Give Bad Breath the Brush-Off
It happens to the best of us. At one time or another, we suffer from bad breath, also called halitosis. Unpleasant breath can be a sign of periodontal disease, or just a cause of embarrassment.
The Academy of General Dentistry (AGD) estimates that more than 80 million people suffer from chronic halitosis. Most bad breath comes from the gums and tongue, which are home to accumulated bacteria. When these microbes process debris from food, saliva, postnasal drip, and other sources, the result is a foul-smelling sulfur compound.
Failing to brush and floss regularly is the number one no-no. Brushing with a fluoride toothpaste twice a day and flossing at least once a day will help prevent tooth decay and help keep breath fresher.
Bacteria and Gum Disease
Bits of food left in your mouth from poor dental hygiene encourage bacteria to grow. These bacteria can cause gum disease. Visit your dentist regularly for routine cleaning and to rule out or treat gum disease. Other illnesses can cause bad breath, too, including ailments of the esophagus and stomach, or sinusitis or allergies causing postnasal drip. Occasionally, halitosis is a sign associated with oral cancer.
Certain foods such as garlic and onions can cause bad breath, as can certain highly spiced foods such as pastrami and kimchee. Alcoholic beverages can also cause bad breath. Using tobacco products is a source as well.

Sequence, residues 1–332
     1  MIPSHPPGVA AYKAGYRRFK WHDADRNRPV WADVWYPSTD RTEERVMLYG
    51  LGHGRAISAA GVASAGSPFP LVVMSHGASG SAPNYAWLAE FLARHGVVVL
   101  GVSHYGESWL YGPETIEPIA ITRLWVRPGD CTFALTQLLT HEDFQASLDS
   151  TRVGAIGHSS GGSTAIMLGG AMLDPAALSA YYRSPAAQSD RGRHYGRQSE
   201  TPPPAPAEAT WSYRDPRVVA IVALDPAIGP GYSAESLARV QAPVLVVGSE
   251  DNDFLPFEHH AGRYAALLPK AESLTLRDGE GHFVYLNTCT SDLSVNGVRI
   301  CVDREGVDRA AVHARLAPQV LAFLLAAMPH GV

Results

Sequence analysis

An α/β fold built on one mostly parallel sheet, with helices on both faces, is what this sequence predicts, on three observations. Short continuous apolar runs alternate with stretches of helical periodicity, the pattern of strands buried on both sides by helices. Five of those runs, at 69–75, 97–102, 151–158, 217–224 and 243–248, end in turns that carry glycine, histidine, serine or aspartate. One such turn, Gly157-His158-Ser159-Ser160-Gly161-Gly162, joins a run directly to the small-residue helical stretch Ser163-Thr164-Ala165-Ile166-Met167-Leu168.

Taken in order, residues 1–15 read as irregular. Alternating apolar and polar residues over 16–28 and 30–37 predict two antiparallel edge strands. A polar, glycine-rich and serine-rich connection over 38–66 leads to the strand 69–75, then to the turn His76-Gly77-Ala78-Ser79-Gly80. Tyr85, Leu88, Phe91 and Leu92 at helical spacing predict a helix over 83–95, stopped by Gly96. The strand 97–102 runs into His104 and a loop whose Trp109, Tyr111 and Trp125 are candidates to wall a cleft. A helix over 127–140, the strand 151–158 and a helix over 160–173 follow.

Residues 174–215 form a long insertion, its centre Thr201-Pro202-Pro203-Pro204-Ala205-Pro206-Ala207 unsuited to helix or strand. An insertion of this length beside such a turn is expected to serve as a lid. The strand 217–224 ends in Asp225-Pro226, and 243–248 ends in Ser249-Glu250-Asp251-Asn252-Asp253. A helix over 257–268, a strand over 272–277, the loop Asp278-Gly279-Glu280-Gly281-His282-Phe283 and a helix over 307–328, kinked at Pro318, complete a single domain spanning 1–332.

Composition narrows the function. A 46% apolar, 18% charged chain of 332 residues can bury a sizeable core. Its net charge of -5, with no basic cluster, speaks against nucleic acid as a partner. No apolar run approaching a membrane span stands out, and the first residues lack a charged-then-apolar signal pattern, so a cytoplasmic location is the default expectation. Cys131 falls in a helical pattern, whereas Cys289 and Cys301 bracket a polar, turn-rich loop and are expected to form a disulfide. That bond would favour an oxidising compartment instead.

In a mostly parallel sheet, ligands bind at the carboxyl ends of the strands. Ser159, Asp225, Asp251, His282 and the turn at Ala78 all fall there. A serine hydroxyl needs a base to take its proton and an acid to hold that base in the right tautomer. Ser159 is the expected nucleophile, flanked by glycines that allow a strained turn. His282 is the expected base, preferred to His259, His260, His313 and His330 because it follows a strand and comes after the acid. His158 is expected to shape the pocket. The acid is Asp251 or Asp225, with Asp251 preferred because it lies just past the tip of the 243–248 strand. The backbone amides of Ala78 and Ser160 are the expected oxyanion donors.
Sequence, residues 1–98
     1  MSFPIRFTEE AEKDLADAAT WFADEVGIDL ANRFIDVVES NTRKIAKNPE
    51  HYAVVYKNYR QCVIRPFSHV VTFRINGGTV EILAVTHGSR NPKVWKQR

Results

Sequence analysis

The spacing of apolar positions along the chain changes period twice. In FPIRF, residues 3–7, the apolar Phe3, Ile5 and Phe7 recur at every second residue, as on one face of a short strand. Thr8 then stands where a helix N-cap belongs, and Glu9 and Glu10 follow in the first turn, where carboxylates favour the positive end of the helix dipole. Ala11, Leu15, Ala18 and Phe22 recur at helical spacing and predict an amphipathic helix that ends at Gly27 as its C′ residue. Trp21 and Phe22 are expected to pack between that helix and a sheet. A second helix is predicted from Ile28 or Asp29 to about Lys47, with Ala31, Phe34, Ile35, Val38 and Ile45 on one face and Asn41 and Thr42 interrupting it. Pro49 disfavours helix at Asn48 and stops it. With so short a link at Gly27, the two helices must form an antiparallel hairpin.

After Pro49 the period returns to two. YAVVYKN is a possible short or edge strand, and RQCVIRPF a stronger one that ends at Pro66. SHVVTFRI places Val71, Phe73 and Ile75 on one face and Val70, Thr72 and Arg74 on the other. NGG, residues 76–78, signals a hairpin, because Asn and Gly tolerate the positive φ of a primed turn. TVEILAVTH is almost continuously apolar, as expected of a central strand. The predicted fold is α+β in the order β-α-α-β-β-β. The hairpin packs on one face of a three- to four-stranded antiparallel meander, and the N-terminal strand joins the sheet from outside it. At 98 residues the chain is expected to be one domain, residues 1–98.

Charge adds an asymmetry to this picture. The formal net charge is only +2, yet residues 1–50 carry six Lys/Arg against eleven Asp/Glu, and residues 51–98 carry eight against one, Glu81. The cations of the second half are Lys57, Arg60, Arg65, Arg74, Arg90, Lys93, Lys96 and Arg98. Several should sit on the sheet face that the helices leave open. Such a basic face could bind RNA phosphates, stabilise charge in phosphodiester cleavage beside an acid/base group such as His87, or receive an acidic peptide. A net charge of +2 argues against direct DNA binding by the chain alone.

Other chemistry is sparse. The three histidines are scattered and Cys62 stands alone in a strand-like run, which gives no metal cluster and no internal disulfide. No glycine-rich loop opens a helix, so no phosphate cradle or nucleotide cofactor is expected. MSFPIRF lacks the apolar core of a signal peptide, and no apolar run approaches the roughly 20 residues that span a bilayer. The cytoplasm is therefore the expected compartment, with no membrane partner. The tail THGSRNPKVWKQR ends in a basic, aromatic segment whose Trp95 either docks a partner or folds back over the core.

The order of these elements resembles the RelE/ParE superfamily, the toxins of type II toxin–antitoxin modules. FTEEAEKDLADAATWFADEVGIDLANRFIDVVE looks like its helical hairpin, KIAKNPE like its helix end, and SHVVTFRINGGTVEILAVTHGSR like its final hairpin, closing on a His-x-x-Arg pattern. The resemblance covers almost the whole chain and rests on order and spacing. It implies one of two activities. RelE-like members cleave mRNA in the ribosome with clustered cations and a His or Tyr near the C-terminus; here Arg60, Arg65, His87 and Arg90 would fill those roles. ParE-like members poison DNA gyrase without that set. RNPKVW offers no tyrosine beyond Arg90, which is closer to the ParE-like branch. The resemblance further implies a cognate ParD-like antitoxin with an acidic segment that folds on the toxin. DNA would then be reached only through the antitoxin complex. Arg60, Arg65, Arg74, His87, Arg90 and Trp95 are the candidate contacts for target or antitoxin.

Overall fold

Another bad-breath culprit is a dry mouth. Saliva aids digestion and helps wash away excess food and bacteria. Without enough saliva, a smelly mouth can get smellier. Stress, alcohol, tobacco, breathing through the mouth, some medications (for example, many anti-depressants), and not drinking enough water can cause or worsen dry mouth.
If your mouth is dry, the ADA says, your dentist can recommend over-the-counter saliva substitutes. While some folks use mouthwash, gum, or mints to help a dry mouth—or bad breath in general—most of these products just mask the odor for a while and do little to solve the problem.
It is important to know that trying to fight bad breath with gum or mints can greatly increase the risk for getting tooth decay, unless sugar-free chewing gums and/or mints are used. Instead, try drinking water throughout the day.
How to Slay Dragon-Breath
Brush twice daily, with special attention to the gum line, and floss once a day, especially after meals. Don’t forget to clean behind the back teeth in each row and brush your tongue.
Avoid foods that may contribute to bad breath, such as garlic and onions.
Avoid tobacco, which tends to dry the mouth and produce a foul smell.
Visit your dentist regularly for cleaning. Your dentist can help you determine the cause of halitosis and how to fight it.
If you think you have constant bad breath, keep a log of the foods you eat and medications you take. Discuss with your dentist how what you put into your mouth may affect your breath.